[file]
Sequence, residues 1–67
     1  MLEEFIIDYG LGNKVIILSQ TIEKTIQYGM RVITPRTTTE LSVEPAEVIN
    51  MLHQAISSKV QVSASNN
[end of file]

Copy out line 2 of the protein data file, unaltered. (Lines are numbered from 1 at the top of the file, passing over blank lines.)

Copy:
     1  MLEEFIIDYG LGNKVIILSQ TIEKTIQYGM RVITPRTTTE LSVEPAEVIN